I’m desperate for an adventure however and started working on another angle. In the picture above you will see and arrow on the top side of the area I wanted to search. The arrow points to a bit of private land in the midst of all the Forest Service land. The land, about 80 acres belongs to a land trust and is part of an old patented claim that ranchers used to stop off cattle for the night on a cattle drive further south. This section of land may very well be the July 13 noon camp for Don Diego de Vargas and his expedition in 1694. The de Vargas diary describes watering the animals on the river and this is the only area for miles where the canyon walls allow access to the river.

To make a long story short, after a lot of research I was able to locate the land trust that manages the land and asked permission to search for artifacts. They were quite nice about it and graciously gave me permission. Adventure on!

To add to the adventure, I’ve been wanting to go to Canyon de Chelly for a long while now and since I’ll be over half way there on this trip I decided to add this stop to the adventure. I’ve also talked Guitar into meeting me there.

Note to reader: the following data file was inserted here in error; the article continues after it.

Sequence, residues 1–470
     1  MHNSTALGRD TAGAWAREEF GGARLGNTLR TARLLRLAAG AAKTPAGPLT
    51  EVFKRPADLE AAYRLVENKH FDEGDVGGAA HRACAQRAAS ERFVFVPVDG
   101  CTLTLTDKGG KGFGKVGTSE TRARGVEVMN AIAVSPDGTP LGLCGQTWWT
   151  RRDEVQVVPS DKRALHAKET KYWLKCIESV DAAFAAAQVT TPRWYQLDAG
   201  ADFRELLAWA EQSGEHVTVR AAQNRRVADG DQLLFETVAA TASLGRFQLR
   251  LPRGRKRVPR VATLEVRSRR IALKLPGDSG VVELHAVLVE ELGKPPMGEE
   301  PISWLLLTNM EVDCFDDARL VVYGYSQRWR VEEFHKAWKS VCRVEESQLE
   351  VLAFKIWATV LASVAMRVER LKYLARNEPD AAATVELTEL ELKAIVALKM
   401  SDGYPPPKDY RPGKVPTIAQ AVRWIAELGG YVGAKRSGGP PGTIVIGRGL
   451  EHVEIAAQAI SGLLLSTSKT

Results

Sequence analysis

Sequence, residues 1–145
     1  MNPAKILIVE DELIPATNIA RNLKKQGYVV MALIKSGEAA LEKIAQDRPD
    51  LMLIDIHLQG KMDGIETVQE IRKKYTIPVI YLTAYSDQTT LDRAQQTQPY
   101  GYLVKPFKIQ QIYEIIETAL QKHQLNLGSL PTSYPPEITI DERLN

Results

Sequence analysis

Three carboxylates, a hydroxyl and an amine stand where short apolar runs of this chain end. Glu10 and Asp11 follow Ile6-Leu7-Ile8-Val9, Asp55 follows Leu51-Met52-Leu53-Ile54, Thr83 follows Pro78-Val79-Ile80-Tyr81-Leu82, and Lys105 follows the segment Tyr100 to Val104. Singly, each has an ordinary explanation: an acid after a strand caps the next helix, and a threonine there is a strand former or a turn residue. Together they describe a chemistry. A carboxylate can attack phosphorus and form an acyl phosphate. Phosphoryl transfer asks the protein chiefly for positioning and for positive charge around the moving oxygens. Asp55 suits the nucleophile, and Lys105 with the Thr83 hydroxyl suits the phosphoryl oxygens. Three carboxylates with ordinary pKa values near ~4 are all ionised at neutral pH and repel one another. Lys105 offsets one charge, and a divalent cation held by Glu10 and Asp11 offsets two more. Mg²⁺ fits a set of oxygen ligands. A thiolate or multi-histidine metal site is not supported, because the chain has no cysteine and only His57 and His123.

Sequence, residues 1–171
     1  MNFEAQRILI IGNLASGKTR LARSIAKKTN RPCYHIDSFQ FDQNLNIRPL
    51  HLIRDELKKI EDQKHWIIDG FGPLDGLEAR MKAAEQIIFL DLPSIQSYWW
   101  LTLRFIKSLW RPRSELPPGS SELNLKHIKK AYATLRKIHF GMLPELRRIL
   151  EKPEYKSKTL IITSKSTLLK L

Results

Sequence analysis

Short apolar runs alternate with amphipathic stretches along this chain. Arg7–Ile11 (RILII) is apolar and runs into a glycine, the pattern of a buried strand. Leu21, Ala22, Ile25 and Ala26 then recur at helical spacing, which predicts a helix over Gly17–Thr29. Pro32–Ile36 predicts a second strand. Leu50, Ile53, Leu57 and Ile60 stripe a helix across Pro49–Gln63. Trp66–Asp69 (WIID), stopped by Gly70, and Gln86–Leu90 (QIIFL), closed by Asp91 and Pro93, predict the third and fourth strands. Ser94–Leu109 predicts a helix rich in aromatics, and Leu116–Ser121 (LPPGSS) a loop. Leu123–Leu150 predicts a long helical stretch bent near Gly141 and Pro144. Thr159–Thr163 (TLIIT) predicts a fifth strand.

So here’s the scoop. I’ll leave the Denver area on Monday and spend about 3 days boondocking and metal detecting in search of the Old Spanish Trail. On Thursday or Friday I’ll head to Farmington, NM to reprovision the trailer and will then head to Canyon de Chelly and meet up with Guitar on Saturday. I’m not sure what I’ll do on the return trip. A lot will depend on the weather. If it’s nice maybe I’ll continue the adventure to Utah and Bryce Canyon or Capitol Reef National Parks???

This is gonna be good so stay tuned!

Thanks for visiting.

Saturday, October 9, 2010

All Hail To The Class Of 1952